AT&T Rate Hikes Force Showdown in California

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AT&T Broadband faces an uphill fight to keep its franchise in Tustin, Calif., an Orange County community in which rates could skyrocket as much as 26 percent.

Officials there were weighing their options last week, which include denial or even revocation of the MSO's existing deal because its renewal proposal failed to address service problems at the 9,000-subscriber system it inherited from MediaOne Group Inc.

Consumers in Tustin are up in arms over a proposed 3 percent rate hike will balloon to 26 percent for some once the monthly cost of new set-tops are added.

"They [AT&T] have reopened some old wounds. After years of problems, people contemplated better service from AT&T," said Joe Meyers, senior management analyst at the Tustin Public Works Department. "Instead, they get a big rate hike and a heavy-handed approach by AT&T."

Whichever way the city goes, it's looking at a long and drawn-out process.

If it doesn't renew the franchise, the 1984 Cable Act requires administrative hearings. A similar case in Brunswick, Ohio, led to a lawsuit that has been in the courts for two years.

Should AT&T's franchise be revoked, an immediate court fight is assured, which will also drag out for years. Either way, AT&T would continue to operate in Tustin.

"It's not a quick process," said John Mansell, cable analyst with Paul Kagan Associates.

Nonetheless, more than 200 Tustin residents last week elbowed their way into a city council hearing on AT&T's service. The MSO's problems were highlighted when-as if on cue-the local-origination channel carrying the proceedings went dark.

It wasn't the first time a broadcast of the council's proceedings had been interrupted.

"The council thought it was awfully coincidental that it always seems to happen when we discuss AT&T/MediaOne service," Meyers said.

Chagrined AT&T officials conceded that a switcher glitch couldn't have come at a worse time, but denied the failure was purposeful.

"One of the things we're looking at is bringing that switcher up to date," AT&T spokeswoman Gisselle Acevedo-Franco said.

EchoStar Communications Corp. added to AT&T's headaches. The direct-broadcast satellite operator thumbed its nose at AT&T by setting up shop across the street from city hall and signing up customers among residents attending the hearing.

The council is expected to vote Nov. 20 on an AT&T franchise renewal proposal that was apparently dead on arrival at city hall.

"We asked them to address these service issues in their proposal," Meyers said.

Instead, Meyers said, the company announced a 3 percent price hike. But a system upgrade requires a new converter box, which adds $3.60 to the monthly bill, plus 49 cents for a remote.

"Some people have anywhere from two to five televisions in their homes. That amounts to a huge increase for them," Meyers said.

The average cable bill in Tustin will rise to a projected $46.45 a month.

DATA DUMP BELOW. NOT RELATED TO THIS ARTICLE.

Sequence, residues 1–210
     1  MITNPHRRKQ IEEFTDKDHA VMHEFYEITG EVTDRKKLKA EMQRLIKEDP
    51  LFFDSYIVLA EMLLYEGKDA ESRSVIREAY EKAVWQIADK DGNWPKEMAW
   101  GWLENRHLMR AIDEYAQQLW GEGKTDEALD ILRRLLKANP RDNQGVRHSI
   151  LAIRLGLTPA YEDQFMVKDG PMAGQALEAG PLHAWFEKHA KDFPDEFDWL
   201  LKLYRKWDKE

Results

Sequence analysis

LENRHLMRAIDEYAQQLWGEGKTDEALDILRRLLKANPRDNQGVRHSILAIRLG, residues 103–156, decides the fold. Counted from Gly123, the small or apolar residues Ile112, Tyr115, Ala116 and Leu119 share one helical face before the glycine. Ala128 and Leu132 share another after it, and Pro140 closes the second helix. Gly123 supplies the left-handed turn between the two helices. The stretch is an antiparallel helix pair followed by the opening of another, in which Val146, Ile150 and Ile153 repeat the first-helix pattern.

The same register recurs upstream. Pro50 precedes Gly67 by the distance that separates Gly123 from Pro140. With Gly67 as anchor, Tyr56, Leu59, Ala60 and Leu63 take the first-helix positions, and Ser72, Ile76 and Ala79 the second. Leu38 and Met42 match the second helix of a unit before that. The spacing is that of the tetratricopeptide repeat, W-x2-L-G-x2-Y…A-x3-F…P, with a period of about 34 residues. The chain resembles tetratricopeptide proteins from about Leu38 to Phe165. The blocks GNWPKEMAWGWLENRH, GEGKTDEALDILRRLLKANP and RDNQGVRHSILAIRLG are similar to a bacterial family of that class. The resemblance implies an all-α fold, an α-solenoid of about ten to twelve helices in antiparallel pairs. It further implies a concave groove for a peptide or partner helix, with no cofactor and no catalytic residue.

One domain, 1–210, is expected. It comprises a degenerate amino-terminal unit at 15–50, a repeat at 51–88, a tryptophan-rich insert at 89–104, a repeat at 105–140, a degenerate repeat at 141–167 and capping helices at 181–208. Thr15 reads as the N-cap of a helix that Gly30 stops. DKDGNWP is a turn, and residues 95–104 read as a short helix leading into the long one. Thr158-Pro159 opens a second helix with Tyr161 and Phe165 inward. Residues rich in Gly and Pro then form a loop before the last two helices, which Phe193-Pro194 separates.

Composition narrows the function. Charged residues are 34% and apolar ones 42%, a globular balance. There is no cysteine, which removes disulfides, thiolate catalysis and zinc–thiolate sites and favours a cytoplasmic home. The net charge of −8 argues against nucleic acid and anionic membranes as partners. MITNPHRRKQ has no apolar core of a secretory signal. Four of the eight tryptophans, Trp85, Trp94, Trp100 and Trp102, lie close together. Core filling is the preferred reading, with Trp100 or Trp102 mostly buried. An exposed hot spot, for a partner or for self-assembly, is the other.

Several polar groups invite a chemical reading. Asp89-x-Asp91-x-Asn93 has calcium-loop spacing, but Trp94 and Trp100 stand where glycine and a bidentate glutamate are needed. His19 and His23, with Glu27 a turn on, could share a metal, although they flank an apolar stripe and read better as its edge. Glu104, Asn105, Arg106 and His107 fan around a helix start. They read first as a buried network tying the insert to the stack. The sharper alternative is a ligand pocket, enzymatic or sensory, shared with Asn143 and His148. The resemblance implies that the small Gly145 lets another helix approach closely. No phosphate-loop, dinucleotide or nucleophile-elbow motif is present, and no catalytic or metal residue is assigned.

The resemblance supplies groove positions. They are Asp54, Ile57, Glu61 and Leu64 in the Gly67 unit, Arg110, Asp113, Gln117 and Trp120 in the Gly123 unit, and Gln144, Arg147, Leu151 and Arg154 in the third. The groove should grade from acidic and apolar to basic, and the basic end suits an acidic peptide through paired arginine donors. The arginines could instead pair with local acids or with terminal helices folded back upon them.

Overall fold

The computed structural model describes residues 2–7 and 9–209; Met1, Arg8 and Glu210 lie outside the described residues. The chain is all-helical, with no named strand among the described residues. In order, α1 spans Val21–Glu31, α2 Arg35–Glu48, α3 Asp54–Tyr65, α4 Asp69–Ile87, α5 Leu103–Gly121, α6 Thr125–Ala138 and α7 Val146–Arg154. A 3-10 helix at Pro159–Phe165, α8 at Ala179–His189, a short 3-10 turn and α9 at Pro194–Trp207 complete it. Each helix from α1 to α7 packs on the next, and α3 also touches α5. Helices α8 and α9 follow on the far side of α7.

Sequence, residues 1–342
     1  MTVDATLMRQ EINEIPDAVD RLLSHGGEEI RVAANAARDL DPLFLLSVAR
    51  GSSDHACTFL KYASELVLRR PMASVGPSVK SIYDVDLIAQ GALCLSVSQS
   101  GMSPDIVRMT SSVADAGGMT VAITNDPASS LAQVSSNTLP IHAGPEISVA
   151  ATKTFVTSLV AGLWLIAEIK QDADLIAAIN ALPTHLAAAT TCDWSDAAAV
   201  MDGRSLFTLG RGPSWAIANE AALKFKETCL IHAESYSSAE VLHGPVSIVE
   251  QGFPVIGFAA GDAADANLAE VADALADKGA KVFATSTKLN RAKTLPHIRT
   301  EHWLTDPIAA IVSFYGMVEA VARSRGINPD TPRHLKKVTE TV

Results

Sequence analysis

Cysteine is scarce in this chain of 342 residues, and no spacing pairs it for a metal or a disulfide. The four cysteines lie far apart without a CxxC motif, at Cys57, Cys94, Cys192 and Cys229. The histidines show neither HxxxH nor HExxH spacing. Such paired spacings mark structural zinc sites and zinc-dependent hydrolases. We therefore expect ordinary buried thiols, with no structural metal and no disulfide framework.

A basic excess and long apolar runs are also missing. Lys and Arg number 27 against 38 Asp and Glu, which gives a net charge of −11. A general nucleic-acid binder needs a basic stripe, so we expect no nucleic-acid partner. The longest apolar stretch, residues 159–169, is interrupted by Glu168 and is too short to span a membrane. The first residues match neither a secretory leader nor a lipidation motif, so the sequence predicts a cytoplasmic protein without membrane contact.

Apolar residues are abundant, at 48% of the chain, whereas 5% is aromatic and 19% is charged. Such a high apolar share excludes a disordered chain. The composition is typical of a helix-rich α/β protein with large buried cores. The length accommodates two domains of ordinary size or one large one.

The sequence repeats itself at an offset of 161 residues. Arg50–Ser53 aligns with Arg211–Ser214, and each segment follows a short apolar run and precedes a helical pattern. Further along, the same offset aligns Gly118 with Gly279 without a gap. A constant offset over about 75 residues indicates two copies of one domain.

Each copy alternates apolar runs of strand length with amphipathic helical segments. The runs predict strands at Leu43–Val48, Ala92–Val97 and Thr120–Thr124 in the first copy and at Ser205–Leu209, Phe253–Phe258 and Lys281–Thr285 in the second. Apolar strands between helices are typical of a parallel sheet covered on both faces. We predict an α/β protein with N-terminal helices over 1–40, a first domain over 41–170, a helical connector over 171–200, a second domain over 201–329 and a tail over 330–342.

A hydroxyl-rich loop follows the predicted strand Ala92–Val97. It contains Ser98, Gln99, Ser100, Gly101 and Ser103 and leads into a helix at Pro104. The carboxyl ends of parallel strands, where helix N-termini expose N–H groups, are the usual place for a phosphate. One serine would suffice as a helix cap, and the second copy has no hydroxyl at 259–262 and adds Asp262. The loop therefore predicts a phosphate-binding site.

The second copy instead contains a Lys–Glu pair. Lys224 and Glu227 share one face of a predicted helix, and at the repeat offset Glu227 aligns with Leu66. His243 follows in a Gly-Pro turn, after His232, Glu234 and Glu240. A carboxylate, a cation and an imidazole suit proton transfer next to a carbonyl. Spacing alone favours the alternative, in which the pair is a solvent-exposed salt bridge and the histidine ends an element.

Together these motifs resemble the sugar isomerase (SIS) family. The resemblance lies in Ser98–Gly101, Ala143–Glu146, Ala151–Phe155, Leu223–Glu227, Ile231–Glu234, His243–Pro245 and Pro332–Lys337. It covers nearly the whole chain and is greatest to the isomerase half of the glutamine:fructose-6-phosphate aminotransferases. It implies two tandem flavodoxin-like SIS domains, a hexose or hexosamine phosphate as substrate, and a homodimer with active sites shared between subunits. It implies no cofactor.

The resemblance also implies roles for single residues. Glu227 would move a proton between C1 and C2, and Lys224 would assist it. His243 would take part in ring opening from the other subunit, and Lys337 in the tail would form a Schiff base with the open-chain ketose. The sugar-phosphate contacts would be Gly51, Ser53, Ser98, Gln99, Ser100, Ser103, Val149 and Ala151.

Anaheim Hills resident Tony Andrade said he doesn't know what he'll do about changes that will boost his bill for basic cable to about $70 a month.

Under MediaOne, Andrade paid about $38 for basic and a deeply discounted suite of premium channels. Even at that price point, he wasn't happy, because of "fuzzy channels and service interruptions."

AT&T Broadband bought the system, cleaned up reception problems and added many more channels, he noted. Andrade responded to an offer for three months of free cable and connected four TVs. Now, he'll have to pay converter rental fees for each of those sets-adding $16 to his bill-as well as the service hike.

"We'll have to cut back," he said.


PROGRAM COSTS RISE

Acevedo-Franco said the rate hikes are similar to increases implemented by all cable operators, and reflect increased programming costs.

As for the new set-top boxes, she said consumers across the country have faced a period of adjustment when the devices were introduced in their markets.

"But eventually our customers have been very happy with them," she said. "It allows us to increase the number of channels we offer, and gives the customer a chance for two-way interactivity."

AT&T plans to introduce digital cable in Tustin "shortly," with local phone service possible by year's end and high-speed Internet access in early 2001.

The MSO is also adding customer-service representatives to field consumer complaints and field technicians to assist consumers in adjusting to their new converters.

The local system also plans to air a video that will explain the changes to consumers.

To ensure word gets out, a letter will also be sent to all subscribers.

"It's important that the company goes out of its way to make sure that people understand," Acevedo-Franco said. "People deserve to have things explained to them."

There is still the question of a franchise that expires in 2002, and which the city may not renew.

Meyers said AT&T's renewal proposal does not address service outages, missed service appointments and rude customer representatives. Instead, he said, AT&T has "insulted" local residents by claiming many citizens have pirated high-priced premium programming.

"It's because of technological deficiencies at the system that people have received services they weren't suppose to receive," he said.

Acevedo-Franco said the problem was caused by some 500 illegal connections originating in area schools, which signal leaks that threatened to bring the Federal Communications Commission down on the company.

To resolve the leaks, AT&T is considering a mini-headend plan that would allow schools to have as many connection as they want.

If the city successfully forces AT&T out of the market, it would lose $210,000 in franchise fees.

"We find it interesting that they would be willing to do away with those fees," Acevedo-Franco said.

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